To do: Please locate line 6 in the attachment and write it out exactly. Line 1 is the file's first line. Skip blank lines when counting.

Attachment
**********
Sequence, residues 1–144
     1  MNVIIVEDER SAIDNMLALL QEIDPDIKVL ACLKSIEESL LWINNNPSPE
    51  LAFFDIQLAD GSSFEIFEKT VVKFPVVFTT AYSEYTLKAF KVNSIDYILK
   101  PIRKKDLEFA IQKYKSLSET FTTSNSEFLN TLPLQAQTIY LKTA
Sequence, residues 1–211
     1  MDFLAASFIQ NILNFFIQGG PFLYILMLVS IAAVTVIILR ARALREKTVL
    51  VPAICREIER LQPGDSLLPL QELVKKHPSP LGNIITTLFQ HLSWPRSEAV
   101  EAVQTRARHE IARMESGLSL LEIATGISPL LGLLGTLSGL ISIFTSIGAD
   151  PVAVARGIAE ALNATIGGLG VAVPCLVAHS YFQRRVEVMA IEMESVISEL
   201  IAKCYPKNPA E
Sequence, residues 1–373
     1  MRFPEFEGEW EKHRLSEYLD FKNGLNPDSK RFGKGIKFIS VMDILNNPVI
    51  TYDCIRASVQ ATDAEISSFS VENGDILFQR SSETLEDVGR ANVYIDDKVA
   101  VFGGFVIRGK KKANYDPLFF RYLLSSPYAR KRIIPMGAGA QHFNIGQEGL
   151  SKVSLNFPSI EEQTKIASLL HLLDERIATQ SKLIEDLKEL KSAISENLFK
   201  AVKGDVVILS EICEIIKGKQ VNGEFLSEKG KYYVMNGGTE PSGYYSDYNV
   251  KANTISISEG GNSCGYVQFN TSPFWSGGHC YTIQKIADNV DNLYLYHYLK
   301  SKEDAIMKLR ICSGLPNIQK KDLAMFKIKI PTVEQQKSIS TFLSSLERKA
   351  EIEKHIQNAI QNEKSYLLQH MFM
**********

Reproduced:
     1  MDFLAASFIQ NILNFFIQGG PFLYILMLVS IAAVTVIILR ARALREKTVL